Here’s a little secret: ever since the folks at No Longer DaimlerChrysler decided to pervert their previously sensible nomenclature in order to better suit the lowest common denominator of California housewives, the replacement for the 190E has been known within Mercedes-Benz dealerships as the “Cheap-Class”. It’s a particularly common phrase in Service and Parts, but from time to time a salesperson will let it slip as well, although certainly not in front of the customer.
There’s something ungracious about calling a vehicle that sells for a minimum (and as-tested!) price of $36,725 the “Cheap” anything, but from the perspective of its manufacturer the sobriquet is legitimate. Set the Wayback Machine for 1975, and you can find a W115 240D selling for $9500. That’s $38,000 in today’s money, and it got you a German taxi with roll-up windows, no air conditioning, sixty-four horsepower, and M-B Tex seats. The new car offers more — a lot more — for less. So, Cheap-Class it is.
My recent trip to Napa for the VW Intramural League test offered me a chance to kill a couple birds with a single stone. By renting my own transportation, I’d be free to avoid the $100 dinners with various Heffalumps Of The Industry. And by paying an eye-watering $354 for three days including airport tax, I’d be able to review a Mercedes for the B&B. Done and done. To paraphrase Jerry Orbach in Dirty Dancing, let’s see what my money bought.
Don’t look now, but this car’s a bit of a media darling. I couldn’t find a bad review of it anywhere I looked. Had it just been the American press giving it props, I’d have suspected that the gilded hand of recently-deposed superstar Mercedes PR person Geoff Day had been hard at work. The Brits like it just as much, however, and they’ve been singularly unkind to the Baby Benz in the past. Although this is fundamentally a facelift of the 2007 model, the accolades for interior quality, styling, and dynamics have come thick and fast from sources as different as Car and Driver and Top Gear.
My initial impression of it was slightly different, and it was this: small, and crappy. Somehow, the “W204” has avoided the unsightly swelling that has afflicted its cousin from Munich. The 190E was 175 inches long; this is 180. The E30 and F30 are 175 and 182 inches, respectively, but the numbers don’t properly communicate how tidy the Benz feels compared to the Bimmer. This is still a compact car. I suppose that’s a brave thing, and Mercedes gets away with it because it’s not their core product the way the Three is for BMW.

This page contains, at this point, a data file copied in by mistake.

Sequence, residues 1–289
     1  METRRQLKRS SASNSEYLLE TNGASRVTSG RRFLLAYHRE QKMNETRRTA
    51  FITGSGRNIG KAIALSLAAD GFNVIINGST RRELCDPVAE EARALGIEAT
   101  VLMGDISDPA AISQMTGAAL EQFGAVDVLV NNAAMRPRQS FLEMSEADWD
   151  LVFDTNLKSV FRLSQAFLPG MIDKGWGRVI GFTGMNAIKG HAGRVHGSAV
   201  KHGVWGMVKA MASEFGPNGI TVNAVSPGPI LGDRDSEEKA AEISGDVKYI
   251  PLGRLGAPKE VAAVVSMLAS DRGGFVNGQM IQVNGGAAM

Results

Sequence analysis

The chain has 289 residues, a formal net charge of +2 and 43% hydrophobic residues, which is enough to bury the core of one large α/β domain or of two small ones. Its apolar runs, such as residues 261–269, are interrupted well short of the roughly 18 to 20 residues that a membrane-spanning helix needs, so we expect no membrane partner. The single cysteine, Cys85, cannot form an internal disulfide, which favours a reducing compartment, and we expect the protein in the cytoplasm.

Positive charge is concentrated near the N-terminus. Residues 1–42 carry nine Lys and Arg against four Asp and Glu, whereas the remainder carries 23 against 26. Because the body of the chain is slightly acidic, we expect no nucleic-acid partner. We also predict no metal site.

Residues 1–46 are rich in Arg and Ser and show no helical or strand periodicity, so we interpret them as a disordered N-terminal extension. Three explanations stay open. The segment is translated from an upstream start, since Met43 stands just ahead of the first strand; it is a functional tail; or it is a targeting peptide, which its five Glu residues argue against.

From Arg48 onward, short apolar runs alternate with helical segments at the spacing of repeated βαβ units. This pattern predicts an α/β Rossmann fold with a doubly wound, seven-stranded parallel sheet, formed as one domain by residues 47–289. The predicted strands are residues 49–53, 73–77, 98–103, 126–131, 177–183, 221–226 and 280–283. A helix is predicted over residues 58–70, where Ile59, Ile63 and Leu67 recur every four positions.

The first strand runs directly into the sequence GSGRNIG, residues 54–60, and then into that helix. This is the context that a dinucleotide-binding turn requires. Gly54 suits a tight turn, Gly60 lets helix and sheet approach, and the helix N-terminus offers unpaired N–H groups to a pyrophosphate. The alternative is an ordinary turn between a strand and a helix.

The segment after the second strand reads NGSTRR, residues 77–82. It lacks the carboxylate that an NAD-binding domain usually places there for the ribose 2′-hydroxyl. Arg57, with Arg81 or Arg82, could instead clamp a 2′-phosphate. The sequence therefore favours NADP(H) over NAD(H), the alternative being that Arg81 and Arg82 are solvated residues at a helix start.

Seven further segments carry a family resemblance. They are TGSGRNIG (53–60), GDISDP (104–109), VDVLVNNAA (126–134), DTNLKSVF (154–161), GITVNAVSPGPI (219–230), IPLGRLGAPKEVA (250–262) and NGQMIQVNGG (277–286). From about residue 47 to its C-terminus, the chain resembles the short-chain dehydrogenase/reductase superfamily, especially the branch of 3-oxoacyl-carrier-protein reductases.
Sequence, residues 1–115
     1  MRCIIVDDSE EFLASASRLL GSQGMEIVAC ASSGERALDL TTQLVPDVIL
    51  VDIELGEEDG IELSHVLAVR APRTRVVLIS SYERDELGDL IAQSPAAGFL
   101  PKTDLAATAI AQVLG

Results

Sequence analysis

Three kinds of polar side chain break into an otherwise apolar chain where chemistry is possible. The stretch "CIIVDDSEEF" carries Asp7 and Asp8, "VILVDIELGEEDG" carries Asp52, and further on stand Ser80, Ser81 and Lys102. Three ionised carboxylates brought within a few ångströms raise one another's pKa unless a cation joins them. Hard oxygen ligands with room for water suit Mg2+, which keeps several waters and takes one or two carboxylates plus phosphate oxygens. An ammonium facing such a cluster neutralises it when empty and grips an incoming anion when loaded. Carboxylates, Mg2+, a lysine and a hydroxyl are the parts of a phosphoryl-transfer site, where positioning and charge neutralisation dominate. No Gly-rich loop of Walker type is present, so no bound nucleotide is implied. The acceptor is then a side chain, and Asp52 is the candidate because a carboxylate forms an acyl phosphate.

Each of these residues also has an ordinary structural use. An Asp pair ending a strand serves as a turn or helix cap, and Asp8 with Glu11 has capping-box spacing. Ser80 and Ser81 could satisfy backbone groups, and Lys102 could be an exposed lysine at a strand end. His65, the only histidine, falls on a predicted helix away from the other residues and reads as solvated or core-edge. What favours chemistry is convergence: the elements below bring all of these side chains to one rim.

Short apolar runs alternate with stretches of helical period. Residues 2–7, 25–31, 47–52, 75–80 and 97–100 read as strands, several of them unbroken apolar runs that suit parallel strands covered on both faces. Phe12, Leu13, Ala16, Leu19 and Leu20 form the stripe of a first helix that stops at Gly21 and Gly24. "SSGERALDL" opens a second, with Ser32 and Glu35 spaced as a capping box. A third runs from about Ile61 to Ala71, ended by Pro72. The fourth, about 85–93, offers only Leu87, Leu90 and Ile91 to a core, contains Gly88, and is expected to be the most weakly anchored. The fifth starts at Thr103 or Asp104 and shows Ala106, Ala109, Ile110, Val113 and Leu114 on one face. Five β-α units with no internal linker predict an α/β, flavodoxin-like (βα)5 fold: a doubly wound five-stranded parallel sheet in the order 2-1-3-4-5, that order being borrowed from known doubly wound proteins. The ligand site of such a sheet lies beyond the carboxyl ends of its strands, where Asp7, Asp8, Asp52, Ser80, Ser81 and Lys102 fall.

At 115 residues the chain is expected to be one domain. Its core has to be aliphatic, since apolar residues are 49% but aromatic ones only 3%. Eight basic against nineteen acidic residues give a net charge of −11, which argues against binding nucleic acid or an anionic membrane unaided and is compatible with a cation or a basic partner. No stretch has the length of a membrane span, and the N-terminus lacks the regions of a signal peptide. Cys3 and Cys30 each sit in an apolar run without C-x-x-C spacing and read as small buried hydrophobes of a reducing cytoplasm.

What’s impressive about the interior: The evergreen M-B Tex seats, long may they wear. The LCD screen in the centrally-mounted speedometer is extremely high-resolution and contains many beautiful fonts and images. The steering wheel’s about as good as what you get in a VW GLI, and that’s not damning with faint praise. The shifter feels solid.
The rest of it’s pretty low-rent, and perhaps deliberately so, because this is, after all, the Cheapest of the Class. I had to keep telling myself, “This doesn’t cost any more than a Ford Fusion with the goodies,” to which my self responded, “That would be a bigger car with more power and more stuff and a nicer interior.” Fortunately for my mental health, I was interrupted by the infotainment system’s decision to pretend my iPod Classic didn’t exist. After some fussing, I paired my Galaxy S3 and cued up the Amazon Cloud Player. Gotta have the Player to hear that Mayer, dontcha know. There was a Hertz NeverLost (aka “NeverRight”) GPS goiter mounted on the center console, which seemed odd until I remembered that thirty-six grand doesn’t get you GPS. Oh, Mercedes! You so crazy! First it was optional air conditioning on your luxury car, and now it’s optional GPS.
In just moments, it was time to hop on the 101 and press the throttle pedal to the carpet. Hmm. Thus began my three-day experience with the World’s Most Charmless Engine. It’s a 1.8-liter four-cylinder, turbocharged to a fairly stout 201 horsepower and 229 lb-ft of torque. Or at least that’s what I’ve been led to believe. On the move, however, it has no characteristics of an internal combustion powerplant whatsoever. When full-speed-ahead is requested, it hesitates for a moment while the 7G-TRONIC negotiates the proper gear. Then it emits an odd sort of drone and begins shoving the C250 forward. This shove does not vary as the tach needle climbs. It’s like an electric motor. When a gearchange is called for, there’s a brief pause and then the unchanging push continues. The electric Mercedes luxury sedan may be a thing of the future, but its indifferent, uninspiring power delivery is here today. Next to this thing, the Jetta 1.8TSI might as well be a Ferrari F355, character-wise.